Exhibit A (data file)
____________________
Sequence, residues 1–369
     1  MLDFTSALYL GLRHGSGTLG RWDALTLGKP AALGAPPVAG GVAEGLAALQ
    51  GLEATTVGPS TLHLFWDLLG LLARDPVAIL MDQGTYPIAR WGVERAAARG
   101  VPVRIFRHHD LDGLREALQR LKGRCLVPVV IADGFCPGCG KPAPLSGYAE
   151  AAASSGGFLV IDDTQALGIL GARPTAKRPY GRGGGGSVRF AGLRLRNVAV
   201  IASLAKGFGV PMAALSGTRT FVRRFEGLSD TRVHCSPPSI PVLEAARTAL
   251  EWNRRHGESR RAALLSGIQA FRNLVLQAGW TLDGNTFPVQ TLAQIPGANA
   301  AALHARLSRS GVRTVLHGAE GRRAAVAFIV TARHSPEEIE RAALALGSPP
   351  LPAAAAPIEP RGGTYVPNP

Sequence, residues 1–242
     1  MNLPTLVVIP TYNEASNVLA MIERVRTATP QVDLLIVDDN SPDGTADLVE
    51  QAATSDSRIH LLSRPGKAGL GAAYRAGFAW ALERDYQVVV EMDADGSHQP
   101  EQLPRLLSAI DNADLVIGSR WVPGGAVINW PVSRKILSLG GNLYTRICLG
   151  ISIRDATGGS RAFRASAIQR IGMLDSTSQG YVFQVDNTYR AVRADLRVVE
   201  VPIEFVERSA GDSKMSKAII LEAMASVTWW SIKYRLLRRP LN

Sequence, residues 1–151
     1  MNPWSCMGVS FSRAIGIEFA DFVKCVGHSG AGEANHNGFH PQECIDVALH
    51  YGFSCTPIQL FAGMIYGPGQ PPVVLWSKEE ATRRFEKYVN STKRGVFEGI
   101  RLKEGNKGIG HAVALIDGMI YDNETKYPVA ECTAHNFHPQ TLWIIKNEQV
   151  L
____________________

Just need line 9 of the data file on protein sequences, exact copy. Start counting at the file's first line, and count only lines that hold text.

   351  LPAAAAPIEP RGGTYVPNP